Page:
Mary's Penny

Overview

With whimsical illustrations, a feminist fable proves that brains outweigh brawn when three siblings enter a most enlightening competition.

Long, long ago, in the golden, olden days, a farmer devised an ingenious competition to determine who should inherit his farm. Which of his children — Franz, Hans, or Mary — could fill the house with something that cost a mere penny? Did straw do the trick? Were feathers sufficient? Or did it take something a little more creative? Tanya ...

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Overview

With whimsical illustrations, a feminist fable proves that brains outweigh brawn when three siblings enter a most enlightening competition.

Long, long ago, in the golden, olden days, a farmer devised an ingenious competition to determine who should inherit his farm. Which of his children — Franz, Hans, or Mary — could fill the house with something that cost a mere penny? Did straw do the trick? Were feathers sufficient? Or did it take something a little more creative? Tanya Landman’s retelling of a traditional tale, illustrated with Richard Holland’s stylish artwork, reminds us that sometimes the greatest value can be had for only a penny.

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Editorial Reviews

Publishers Weekly
"With your one penny," says a farmer who must judge which of his two sons will run the farm after he's gone, "you must each buy something that will fill the whole house." Landman (The Goldsmith's Daughter) uses an engaging homespun voice to tell the story of Hans, Franz, and their quiet sister, Mary, who, although overlooked by her father ("because this was long, long ago--way back in the golden, olden days" when "everyone thought that girls couldn't run farms"), is the only one to fulfill the request successfully. She buys a candle (which fills the house with light) and makes a reed flute (which fills it with sound), winning her father's praise--and the farm. Holland's (The Museum Book) collaged figures have delicately drawn faces, overalls, and bumpy, oversize shoes (they're photos of real shoes). Blimplike Franz looks as if he is floating as he attempts to maneuver his overflowing horse cart of hay, while solitary Mary has a sideways glance and a Mona Lisa smile. Soft colors and the lightest of lines echo the gossamer touch used to deliver the feminist moral. Ages 5-7. (July)
Children's Literature - Ken Marantz and Sylvia Marantz
This contemporary feminist folk tale with echoes of many traditional stories begins "long, long ago." A farmer is trying to decide who should run his farm after he dies, his sons brawny Franz or beefy Hans. He does not even consider his clever daughter Mary. He decides to set each lad a task. He gives each a penny, telling him that he must buy something with it to fill their entire house. Franz tries with straw, but fails. Hans tries feathers, also in vain. Then, to the farmer's surprise, Mary asks for her penny. With just a lit candle and a reed flute, she fills the house with light and joy. Her father admits that with her wisdom she should run the farm. There is considerable sly comedy in the characters produced in mixed media. The three males are dressed as stereotypical farmers. What setting there is reflects that plain-ness. Detailed drawings of the local market add information on the rural life. Note the amusing contrasting family "photos" on the end pages. Reviewer: Ken Marantz and Sylvia Marantz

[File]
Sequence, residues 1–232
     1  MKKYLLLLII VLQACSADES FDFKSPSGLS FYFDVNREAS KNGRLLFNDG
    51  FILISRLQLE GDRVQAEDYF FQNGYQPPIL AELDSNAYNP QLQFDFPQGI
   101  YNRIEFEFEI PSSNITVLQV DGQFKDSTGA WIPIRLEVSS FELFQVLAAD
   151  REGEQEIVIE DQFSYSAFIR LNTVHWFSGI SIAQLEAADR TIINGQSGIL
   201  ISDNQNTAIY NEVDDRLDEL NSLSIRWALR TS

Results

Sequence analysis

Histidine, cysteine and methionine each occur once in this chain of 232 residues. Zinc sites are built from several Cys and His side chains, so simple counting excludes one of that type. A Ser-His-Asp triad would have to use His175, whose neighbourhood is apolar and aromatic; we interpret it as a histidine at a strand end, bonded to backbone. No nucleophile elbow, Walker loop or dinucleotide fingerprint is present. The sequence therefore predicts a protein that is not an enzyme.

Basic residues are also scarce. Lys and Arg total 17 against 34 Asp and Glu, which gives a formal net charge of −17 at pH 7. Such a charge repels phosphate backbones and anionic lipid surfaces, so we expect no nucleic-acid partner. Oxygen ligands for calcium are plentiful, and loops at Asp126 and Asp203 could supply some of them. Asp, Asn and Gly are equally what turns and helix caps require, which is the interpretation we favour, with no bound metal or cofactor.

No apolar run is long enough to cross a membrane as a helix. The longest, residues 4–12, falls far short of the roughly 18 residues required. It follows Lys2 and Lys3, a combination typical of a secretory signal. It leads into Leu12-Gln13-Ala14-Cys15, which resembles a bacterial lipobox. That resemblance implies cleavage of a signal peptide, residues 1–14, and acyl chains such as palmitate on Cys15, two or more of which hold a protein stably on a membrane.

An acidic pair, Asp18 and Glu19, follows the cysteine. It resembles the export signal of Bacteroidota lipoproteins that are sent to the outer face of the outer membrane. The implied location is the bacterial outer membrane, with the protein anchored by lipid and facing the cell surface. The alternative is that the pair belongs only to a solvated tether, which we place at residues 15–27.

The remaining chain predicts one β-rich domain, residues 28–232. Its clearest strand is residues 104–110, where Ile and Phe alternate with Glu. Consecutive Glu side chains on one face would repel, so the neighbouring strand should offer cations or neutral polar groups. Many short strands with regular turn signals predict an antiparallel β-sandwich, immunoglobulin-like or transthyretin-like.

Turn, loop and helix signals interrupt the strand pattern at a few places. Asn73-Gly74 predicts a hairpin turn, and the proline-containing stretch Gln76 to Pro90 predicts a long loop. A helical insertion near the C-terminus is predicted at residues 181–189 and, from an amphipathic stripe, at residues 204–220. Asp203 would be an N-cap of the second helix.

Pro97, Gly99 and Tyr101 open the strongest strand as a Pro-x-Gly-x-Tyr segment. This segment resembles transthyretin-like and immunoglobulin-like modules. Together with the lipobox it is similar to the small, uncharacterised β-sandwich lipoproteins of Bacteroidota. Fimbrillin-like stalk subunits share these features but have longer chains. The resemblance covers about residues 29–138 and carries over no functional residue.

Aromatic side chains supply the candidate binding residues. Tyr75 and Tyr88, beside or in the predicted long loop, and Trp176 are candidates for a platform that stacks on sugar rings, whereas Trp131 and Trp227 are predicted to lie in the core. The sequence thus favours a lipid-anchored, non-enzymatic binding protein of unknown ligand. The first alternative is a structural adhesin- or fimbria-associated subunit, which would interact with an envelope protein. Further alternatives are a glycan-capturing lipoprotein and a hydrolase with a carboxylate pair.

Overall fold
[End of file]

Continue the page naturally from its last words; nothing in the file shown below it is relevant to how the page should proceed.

School Library Journal
Gr 4—A farmer can't decide which of his two sons should take charge after he is "dead and gone," so he challenges each of them to fill the house with a penny's worth of something. When neither of the young men can carry out his mission, he reluctantly allows his daughter to try. Despite the fact that "Everyone knows that girls can't run farms," Mary fills the house with music from a simple, handmade reed flute and with light from a single candle, and her humbled father chooses her to run the farm. You see, Mary's "very special, secret something" is "brains." Holland's stylized mixed-media illustrations don't quite mirror the hyperbolic descriptions in the text. The "brawny" Franz—rotund in the illustrations—is said to have hands "as big as stone slabs." Hans has "feet the size of rowboats" (actually, a largish pair of laced black '40s-era shoes). Clothing cut from patterned paper; shoes clipped from photos; penciled facial features; watercolor backgrounds; crayoned trees, water, and clouds invite viewers to search each page for unusual detail, like the tiny people in medieval dress in the market scenes and the small black cat that is present on most pages. While the oversize gray text is quite readable, the names of Franz and Hans, printed in large, bold type, and Mary's in large italics, are jarring. This retelling of a "feminist fable," with its redundant references to the inferiority of girls, just doesn't measure up to the wealth of excellent folk tales, picture books, and novels that feature strong female characters.—Susan Scheps, Shaker Heights Public Library, OH
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Product Details

  • ISBN-13: 9780763647681
  • Publisher: Candlewick Press
  • Publication date: 7/13/2010
  • Pages: 40
  • Sales rank: 1,495,101
  • Age range: 5 - 8 Years
  • Product dimensions: 8.30 (w) x 12.00 (h) x 0.50 (d)

Meet the Author

Tanya Landman is the award-winning author of I AM APACHE, THE GOLDSMITH'S DAUGHTER, and many other books for young readers. She lives in Devon, England.

Richard Holland is the illustrator of THE MUSEUM BOOK by Jan Mark and THE TIME BOOK by Martin Jenkins. Richard Holland lives in Essex, England.

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